He takes a chance.

He asks for her name.
‘Luanne,’ she says.
The name bounces across the dew
on the grass.
He follows her, across
the bridge, and up the lane,
the woods high above them,
loomers with twisted arms.

The woods grow as they walk,
and she takes his tiny hand.
‘Little boy,’ she says,
‘you are cold.’
He nods. He is cold, it’s true.
Colder still with every step.

Luanne looks back and smiles at him.
Her shimmering eyes, yes, shimmering—
they seem to hold no pigment,
and even to his tiny mind this seems strange.

But she is pretty, or so he believes,
because he has only heard that word,
never really understood it.
His brothers say it sometimes.
From what he’s heard,
there are girls at school that are pretty.
But he wouldn’t know.

He pays so much attention to her face
as they walk,
that before long,
they seem lost. Everywhere
around them: spiralling trees.
He asks her where they are going.

‘We are going to meet the elders,’
she says.
‘There are five of them.’
He fumbles with the sleeve of his jacket.

He asks where they live. The girl
does not answer, instead
she just smiles. A pretty smile.

The trace of morning sun has been
blocked from the sky.
This isn’t his home,
nor should it be,
but why should he not be here, anyway?

Why not walk with this
girl of the woods?
This pixie?
She looks like a full-size Tinkerbell
from Peter Pan.

And after some hours, the woods break,
and he cannot believe his eyes:
there are whole other towns and villages here,
overgrown and sunken,
sleeping.

In the distance he can even see a city,
ancient, deceased,
huge towers reaching up.
Buildings within buildings,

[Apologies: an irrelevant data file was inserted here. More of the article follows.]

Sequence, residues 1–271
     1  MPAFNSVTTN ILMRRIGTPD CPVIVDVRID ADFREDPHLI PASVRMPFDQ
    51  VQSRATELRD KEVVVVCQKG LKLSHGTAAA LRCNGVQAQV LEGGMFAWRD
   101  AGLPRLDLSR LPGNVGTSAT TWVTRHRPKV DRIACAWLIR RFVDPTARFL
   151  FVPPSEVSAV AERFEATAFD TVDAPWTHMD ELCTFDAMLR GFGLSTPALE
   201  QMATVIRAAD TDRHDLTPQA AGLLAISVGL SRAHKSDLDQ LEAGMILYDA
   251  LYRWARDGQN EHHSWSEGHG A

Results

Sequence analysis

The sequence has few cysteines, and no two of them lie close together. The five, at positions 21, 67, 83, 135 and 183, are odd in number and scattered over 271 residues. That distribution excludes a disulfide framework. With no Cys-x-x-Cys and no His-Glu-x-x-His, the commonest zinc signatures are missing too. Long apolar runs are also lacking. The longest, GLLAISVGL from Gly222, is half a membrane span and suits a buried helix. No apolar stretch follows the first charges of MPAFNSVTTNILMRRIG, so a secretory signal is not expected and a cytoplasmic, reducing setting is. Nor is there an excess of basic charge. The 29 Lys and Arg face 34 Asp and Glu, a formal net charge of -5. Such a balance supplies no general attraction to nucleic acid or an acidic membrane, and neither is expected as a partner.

ruined black architecture.

He laughs,
because it must be a dream,
must be.

Luanne stops and they gaze
over the lost buildings.
She turns to him and crouches.
‘This is how it could be.
How it should be,’ she says.
She pokes him in the belly and twinkles a smile,
‘and you’re going to help us.’

He wonders how. How
could he be any help to anyone?
He knows, he knows he is but
a burden, a nuisance.

It’s fine.

And now, he wonders—
how can he help?
For once, he wants to.

The girl leads him down further into the debris.
Trees as colossi, they must be four no five no seven no
eight no a million times bigger than him.
The branches grow persistently, breaking through
each other and joining together in harmony.
It really is peaceful here, he thinks.

They walk inside a house. Luanne
seats him in an old chair
that seems to be made of wax.
She looks into his eyes.
‘Let me tell you about them,’ she says.
He nods.

‘Sing the praises of the old gods,’
says Luanne.

‘We first feel Callaszag, the Soaking Wet.
His presence is signalled by a brewing of clouds
in the north. Once he is ready,
three thunderclaps will sound. And then,
the torrent that lasts for two nights will come,
and with it, there will be arrival.’

The young boy watches
as Luanne’s pupils glisten
with joy.

‘Then we will behold Shath,
the Watcher of Many Eyes.
His arrival is preceded by the One in Blue,
and this arrival is stated by
the taking of virtues.’

The young boy sees a glimmer
of spittle fall from the girl’s mouth.

‘Following Shath is Veliszeth,
the Dirt Beneath the Surface.
We shall know she is here when
we hear:
Weal and Woe,
All Bark Fades,
and Full is the Cup.
Oh, how mean she is.
She covers the eyes.’

Her voice is louder now,
not shouting, just bigger,
more precise,
and he does nothing but watch and listen.

‘Before the end, we meet Lucreczia,
The Tainted Mother.
Her arrival is preceded by the Music.
Tones between tones between tones.
Fragments of melody,
like nothing else.
Her arrival is stated
by the taking of names.’

She lowers her eyes, no longer
staring so wildly around the room.

The young boy meets her gaze,
but there is something different this time.
Her sparkle has dulled.

Luanne holds up four fingers, then
she raises her thumb to create five
and says,

‘When all has seen what all has done,
and all to lift and all upon,
the four of thee with two in view:
when death falls from her lips,
the Elder takes the throne.’

She blinks, and the shimmer is back.
She smiles at him. Pretty.
He stares.

Outside, beyond the borderlands,
in the great depths of the black forest,
the great lost city moaned.

The Gorgon